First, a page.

Head of Support Services, Glaucoma UK
Optometrist and Vice Chair, Glaucoma UK
Lots of our activity is now taking place on screens, from keeping in touch, through to collective worship and yoga sessions. Luckily, there’s no reason to be concerned about screen time if you have glaucoma or dry eye disease.
How does the use of screens affect your eyesight, if at all?
When you’re looking at a screen and concentrating, you blink less often and, sometimes, less completely. Your eyes constantly make a tear film, which nourishes the front surface of the eye. When you blink, the tear film is spread over your eye. If you’re not blinking enough, the front of your eye can start to feel uncomfortable.
Does having glaucoma affect how people use screens?
Most people with glaucoma will have no problems. If your glaucoma is very advanced, and your central vision is affected, increasing the font size or switching the colour settings on the screen (e.g. white on black) may make things easier to read.
Think blink! And rest your eyes frequently. The 20-20-20 rule is helpful – after 20 minutes of screen usage, look at something 20 feet away for at least 20 seconds.
What can people with glaucoma do to make using screens easier?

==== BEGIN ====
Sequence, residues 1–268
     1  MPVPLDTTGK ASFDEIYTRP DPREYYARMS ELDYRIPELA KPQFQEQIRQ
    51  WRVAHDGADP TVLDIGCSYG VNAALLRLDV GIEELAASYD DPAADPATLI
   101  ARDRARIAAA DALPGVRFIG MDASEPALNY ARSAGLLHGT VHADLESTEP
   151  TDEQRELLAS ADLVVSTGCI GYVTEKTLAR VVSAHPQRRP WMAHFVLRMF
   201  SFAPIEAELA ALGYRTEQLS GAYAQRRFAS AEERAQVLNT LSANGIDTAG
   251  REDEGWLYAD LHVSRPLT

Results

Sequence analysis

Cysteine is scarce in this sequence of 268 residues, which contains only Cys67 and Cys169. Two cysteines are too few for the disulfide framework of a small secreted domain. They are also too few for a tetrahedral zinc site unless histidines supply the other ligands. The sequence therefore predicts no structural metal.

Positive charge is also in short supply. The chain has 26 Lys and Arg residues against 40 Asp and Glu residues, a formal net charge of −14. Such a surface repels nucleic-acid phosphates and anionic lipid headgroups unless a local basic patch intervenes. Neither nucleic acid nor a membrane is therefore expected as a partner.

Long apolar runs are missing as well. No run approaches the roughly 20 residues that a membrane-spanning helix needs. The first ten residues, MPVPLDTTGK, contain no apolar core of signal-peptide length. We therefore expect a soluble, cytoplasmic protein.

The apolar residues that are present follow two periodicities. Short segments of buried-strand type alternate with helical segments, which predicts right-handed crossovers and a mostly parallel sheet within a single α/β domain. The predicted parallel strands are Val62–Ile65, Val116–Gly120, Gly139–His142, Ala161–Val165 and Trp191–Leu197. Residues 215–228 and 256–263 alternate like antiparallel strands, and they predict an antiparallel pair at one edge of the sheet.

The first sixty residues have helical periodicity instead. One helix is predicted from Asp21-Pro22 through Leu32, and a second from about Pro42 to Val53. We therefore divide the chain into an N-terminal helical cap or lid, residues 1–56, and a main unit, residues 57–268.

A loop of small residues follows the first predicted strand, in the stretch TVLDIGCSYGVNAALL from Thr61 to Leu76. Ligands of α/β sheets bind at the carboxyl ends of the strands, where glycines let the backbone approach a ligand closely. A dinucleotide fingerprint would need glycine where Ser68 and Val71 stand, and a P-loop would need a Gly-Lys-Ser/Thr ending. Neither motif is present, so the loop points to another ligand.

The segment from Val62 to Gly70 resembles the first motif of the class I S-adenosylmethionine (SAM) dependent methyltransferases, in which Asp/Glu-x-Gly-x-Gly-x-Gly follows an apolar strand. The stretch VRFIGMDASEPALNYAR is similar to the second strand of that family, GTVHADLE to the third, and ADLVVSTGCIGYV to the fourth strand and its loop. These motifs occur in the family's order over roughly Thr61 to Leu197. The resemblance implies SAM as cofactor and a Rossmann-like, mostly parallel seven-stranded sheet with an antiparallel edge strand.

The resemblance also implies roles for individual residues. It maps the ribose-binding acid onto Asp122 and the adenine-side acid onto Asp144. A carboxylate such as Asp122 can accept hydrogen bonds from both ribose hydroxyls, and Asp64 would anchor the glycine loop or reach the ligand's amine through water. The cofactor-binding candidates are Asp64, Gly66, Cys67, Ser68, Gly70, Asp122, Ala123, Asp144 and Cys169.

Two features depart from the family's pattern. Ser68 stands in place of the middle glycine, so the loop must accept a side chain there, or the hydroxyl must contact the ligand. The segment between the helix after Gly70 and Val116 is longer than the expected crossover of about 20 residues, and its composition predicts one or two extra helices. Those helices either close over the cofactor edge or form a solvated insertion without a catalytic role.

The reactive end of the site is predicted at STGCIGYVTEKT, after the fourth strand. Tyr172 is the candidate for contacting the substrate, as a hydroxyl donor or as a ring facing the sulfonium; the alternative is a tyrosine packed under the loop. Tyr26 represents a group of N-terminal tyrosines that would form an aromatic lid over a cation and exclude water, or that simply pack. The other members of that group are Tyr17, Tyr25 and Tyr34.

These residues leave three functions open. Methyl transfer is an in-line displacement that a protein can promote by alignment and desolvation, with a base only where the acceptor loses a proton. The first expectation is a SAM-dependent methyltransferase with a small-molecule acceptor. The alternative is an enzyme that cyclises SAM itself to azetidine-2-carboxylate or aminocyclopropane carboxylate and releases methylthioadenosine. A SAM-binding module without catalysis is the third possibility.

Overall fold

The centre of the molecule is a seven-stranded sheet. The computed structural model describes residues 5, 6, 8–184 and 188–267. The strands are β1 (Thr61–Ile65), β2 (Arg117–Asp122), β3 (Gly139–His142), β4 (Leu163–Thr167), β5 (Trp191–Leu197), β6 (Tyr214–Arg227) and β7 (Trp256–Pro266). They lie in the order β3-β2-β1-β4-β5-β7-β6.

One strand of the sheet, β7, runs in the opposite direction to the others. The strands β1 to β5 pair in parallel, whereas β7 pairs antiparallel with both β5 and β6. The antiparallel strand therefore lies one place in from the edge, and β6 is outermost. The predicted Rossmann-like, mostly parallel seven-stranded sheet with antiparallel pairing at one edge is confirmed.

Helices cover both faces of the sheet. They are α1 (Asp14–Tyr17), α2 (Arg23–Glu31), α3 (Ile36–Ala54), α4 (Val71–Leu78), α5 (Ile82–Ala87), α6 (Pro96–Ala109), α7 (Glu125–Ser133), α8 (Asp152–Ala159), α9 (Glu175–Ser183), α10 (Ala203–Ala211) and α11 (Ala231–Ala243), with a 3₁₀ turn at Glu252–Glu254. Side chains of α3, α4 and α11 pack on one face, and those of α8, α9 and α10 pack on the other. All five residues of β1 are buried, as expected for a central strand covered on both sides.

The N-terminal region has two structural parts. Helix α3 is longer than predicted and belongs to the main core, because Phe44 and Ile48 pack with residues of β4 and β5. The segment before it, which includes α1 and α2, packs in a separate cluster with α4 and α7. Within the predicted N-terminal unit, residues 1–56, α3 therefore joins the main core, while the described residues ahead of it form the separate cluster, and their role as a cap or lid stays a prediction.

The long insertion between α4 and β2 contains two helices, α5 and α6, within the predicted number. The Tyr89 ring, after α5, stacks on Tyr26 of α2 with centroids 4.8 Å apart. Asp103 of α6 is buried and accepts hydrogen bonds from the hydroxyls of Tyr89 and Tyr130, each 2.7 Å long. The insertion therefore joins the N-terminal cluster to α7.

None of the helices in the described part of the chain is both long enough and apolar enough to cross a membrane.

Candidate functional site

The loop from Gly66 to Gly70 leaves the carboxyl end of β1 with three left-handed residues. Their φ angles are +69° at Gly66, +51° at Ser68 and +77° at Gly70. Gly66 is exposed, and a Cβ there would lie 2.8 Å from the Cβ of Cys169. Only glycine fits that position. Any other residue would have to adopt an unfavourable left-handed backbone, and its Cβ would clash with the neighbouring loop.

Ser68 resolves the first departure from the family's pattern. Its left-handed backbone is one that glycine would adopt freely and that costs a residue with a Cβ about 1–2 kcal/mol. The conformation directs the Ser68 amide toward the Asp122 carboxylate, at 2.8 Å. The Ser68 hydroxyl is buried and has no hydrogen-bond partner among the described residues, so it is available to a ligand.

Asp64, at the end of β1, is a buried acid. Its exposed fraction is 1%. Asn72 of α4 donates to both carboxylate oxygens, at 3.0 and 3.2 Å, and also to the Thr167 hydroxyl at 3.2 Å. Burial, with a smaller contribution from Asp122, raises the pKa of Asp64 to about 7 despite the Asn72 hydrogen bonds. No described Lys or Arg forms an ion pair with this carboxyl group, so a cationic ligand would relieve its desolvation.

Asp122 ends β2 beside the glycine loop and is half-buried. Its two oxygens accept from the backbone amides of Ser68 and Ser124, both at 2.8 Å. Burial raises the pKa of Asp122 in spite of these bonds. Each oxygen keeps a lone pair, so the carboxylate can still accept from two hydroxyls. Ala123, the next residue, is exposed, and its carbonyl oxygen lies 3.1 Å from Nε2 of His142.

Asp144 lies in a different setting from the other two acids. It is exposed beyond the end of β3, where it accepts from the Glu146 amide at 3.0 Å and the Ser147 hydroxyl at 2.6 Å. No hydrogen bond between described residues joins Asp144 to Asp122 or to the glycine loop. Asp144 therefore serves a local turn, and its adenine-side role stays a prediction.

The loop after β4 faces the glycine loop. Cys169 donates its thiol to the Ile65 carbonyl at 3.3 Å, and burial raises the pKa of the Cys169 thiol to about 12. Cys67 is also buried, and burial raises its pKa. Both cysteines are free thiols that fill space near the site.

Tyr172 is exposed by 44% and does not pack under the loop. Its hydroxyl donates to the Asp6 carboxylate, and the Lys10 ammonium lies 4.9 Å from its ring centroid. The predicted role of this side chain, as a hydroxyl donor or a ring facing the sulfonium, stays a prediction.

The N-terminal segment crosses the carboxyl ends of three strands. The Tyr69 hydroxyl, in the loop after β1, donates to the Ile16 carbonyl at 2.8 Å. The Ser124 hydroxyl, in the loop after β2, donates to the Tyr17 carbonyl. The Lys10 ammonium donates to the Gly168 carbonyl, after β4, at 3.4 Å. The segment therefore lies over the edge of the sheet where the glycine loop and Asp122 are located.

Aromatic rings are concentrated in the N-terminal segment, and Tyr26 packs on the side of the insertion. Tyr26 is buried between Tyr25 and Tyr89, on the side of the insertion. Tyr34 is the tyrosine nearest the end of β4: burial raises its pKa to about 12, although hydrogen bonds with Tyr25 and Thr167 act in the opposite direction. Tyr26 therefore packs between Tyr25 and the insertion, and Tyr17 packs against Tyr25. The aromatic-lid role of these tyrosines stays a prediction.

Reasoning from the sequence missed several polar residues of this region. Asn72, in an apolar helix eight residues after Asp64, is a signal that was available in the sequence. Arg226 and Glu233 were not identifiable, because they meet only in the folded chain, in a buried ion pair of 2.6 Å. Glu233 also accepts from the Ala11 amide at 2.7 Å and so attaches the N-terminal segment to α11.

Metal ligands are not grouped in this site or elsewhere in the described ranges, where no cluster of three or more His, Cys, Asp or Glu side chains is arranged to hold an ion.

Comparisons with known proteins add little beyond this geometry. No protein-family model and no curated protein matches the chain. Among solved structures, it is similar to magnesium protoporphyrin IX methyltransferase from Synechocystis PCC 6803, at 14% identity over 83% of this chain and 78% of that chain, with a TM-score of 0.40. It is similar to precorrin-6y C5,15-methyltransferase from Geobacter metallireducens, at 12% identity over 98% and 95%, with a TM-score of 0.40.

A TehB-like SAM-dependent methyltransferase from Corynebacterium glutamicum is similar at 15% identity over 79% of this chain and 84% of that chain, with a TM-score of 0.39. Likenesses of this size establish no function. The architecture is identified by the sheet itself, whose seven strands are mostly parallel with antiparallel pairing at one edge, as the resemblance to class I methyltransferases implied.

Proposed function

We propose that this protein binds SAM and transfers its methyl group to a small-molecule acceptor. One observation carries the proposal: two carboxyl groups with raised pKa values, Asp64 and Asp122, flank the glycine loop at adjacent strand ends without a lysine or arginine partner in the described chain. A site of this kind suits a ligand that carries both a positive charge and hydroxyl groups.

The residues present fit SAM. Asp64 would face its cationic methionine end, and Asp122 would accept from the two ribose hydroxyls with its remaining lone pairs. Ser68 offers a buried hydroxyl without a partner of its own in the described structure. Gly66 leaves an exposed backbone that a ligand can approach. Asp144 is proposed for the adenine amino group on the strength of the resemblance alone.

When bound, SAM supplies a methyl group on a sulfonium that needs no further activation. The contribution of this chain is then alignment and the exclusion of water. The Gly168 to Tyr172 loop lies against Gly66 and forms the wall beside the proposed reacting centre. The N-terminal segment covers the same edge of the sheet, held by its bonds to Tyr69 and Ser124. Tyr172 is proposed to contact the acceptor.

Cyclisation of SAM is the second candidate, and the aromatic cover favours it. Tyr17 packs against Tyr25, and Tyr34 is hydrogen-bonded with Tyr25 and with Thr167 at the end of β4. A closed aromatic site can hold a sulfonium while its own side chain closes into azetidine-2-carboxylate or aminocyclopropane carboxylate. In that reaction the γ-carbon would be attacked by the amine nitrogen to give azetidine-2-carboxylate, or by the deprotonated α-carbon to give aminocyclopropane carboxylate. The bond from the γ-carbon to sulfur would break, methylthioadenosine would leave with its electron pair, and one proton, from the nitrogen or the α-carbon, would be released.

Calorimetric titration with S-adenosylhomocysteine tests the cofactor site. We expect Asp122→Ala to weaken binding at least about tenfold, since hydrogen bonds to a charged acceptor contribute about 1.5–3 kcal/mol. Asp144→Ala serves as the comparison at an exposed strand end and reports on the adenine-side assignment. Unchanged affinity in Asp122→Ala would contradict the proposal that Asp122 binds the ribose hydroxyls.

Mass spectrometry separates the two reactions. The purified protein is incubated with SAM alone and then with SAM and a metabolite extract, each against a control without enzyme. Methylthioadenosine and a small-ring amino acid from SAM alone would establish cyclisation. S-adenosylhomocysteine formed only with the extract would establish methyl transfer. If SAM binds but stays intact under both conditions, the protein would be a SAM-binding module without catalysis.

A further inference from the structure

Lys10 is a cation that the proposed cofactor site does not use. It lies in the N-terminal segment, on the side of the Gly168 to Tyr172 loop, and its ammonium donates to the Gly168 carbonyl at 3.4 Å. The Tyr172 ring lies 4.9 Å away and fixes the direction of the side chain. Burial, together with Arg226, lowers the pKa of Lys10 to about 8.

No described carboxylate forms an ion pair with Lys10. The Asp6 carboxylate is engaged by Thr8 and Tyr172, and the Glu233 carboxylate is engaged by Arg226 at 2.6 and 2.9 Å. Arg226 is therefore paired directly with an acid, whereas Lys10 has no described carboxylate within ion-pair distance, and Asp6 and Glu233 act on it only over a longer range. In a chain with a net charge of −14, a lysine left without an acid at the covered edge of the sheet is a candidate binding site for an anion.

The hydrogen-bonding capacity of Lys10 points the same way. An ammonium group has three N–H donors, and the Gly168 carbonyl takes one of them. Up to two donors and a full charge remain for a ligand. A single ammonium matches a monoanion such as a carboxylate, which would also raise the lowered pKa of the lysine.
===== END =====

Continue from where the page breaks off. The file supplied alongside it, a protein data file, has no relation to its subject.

Glare can be a problem, so try using a glare-reducing screen or filter and position the screen away from bright sunlight or other strong light sources. This advice is helpful for everyone, not just people with glaucoma! Glaucoma eye drops can cause symptoms of dry eye disease (DED) so you may wish to ask your eye doctor whether different eye drops might help.
How does lots of time using screens affect dry eye disease?
DED occurs when your eyes don’t make enough tears or when the tears evaporate too quickly. It can make your eyes feel dry, gritty or scratchy, or even watery. Your eyes may also look red.
What can people with DED do to make using screens easier?
Think blink! And rest your eyes frequently. The 20-20-20 rule is helpful – after 20 minutes of screen usage, look at something 20 feet away for at least 20 seconds. Keep a good distance between your eyes and the screen. Finally, you may find lubricating eye drops (also known as artificial tears) helpful – put these in your eyes as often as you like. Heat pads for eyes can also be helpful and soothing.
Where can people go for more help if they’re struggling?
If you have a persistent problem with DED, our advice would be to go to an optometrist practice to buy some eye drops. You can buy these yourself, e.g. at a supermarket, where they may be cheaper. However, if you go to an optometrist, you can ask for advice about which eye drops are the best ones for your symptoms.